The Black Keys Sound A Little Tired On Their New Album, ‘Let’s Rock’ – UPROXX

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“Back to basics,” in the parlance of rock bands, is damage control in the form of a well-worn record review cliché. It’s meant to evoke a deliberate simplification, a grand casting off of artifice and pretension, a gesture that restores an act’s totally raw and rockin’ joie de vivre. But it’s really a kind of coded apology. What it says to an audience is, “Look, we acknowledge that you didn’t like our last record, so now we’re going to make something we think you’ll like, because we know you definitely liked this sort of thing before.”

For The Black Keys — who are back with their first album in five years, the extremely “back to basics”-y “Let’s Rock” — this need for reassurance stems from 2014’s Turn Blue, a moody curveball that dipped significantly from the commercial heights of 2010’s Brothers and 2011’s El Camino. It’s understandable why the prodigal Keys, guitarist Dan Auerbach and drummer Patrick Carney, might want to turn the page from Turn Blue. Not only was the album viewed as a commercial and creative disappointment, it was also rooted in the pain of Auerbach’s divorce. Over a bed of surly guitar solos and languid psych-tinged R&B grooves, Auerbach wallowed like a reluctant rock star suffering from a fame hangover. “Maybe all the good women are gone,” he moans on one track. When Auerbach and Carney eventually retreated to the relative obscurity of their respective side projects, it hardly seemed like a surprise.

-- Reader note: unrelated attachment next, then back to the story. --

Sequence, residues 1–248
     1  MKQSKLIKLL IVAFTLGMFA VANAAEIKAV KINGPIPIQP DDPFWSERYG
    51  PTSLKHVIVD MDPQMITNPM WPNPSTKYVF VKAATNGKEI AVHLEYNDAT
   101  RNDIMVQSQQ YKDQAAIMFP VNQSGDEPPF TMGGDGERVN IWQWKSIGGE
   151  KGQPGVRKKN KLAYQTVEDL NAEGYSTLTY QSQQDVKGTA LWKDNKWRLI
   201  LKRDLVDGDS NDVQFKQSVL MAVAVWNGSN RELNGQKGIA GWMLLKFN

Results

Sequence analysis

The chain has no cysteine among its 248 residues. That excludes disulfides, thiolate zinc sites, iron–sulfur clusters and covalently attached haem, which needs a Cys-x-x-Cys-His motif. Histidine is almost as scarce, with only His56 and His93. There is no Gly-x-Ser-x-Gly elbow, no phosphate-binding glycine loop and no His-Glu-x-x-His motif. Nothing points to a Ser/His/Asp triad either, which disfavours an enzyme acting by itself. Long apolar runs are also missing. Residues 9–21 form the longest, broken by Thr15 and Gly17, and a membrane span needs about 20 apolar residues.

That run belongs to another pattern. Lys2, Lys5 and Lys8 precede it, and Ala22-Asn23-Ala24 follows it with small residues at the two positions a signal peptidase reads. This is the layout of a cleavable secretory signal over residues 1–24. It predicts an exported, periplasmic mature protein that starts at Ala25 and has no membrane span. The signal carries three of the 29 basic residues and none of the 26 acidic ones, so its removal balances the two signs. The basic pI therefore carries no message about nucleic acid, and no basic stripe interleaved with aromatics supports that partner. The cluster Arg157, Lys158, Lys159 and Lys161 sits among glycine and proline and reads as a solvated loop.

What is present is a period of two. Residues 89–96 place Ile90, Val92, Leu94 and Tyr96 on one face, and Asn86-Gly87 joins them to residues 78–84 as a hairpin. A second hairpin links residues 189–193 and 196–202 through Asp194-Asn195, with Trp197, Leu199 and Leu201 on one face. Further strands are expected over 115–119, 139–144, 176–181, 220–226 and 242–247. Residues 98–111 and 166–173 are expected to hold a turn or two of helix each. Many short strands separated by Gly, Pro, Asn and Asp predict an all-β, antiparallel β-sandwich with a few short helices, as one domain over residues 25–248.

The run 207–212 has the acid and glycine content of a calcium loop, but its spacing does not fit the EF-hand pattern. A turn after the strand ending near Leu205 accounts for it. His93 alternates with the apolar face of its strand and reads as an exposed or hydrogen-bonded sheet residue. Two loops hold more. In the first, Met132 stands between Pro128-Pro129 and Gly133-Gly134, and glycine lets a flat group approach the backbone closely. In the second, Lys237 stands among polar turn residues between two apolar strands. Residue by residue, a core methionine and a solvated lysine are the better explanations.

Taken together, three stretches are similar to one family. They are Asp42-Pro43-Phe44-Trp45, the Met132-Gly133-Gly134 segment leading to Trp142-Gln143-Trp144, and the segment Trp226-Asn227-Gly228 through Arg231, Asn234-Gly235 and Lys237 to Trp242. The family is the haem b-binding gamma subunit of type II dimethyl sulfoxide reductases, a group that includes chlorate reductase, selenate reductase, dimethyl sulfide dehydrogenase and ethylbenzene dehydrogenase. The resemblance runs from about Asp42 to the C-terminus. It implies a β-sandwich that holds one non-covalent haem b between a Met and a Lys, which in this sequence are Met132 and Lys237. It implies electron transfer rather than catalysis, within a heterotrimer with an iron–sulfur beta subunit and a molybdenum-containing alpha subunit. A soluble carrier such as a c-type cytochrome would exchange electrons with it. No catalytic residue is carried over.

But for “Let’s Rock” — the title, taken from the final words of a death row inmate in Tennessee, is not the straight-forward pandering than it initially appears to be — The Black Keys want you to know that they’re back to playing fun, riff-centric jams. In interviews, Auerbach and Carney have emphasized how the songs were written and recorded quickly, with the focus on just guitars and drums, and absolutely no keyboards. (The latter disclaimer seems like an oblique reference to the absence of Danger Mouse, the producer who guided The Black Keys’ commercial ascendence. By Turn Blue, he was a de-facto third member, supplying, yes, crucial keyboard accents.)

However, the “back to basics” narrative has an obvious plot hole for a band formerly as primordial as The Black Keys. To buy “Let’s Rock” as “raw,” it helps if your experience with the Auerbach and Carney extends only as far as Brothers and the album’s much-licensed hit single, “Tighten Up.” Back then, Auerbach told Rolling Stone that “guitar bores the shit out of me most of the time.” It was part of The Black Keys’ makeover as a canny pop band that occasionally flashed a snaky, T. Rex-style guitar riff. Compared to that, the new album is practically gutbucket blues.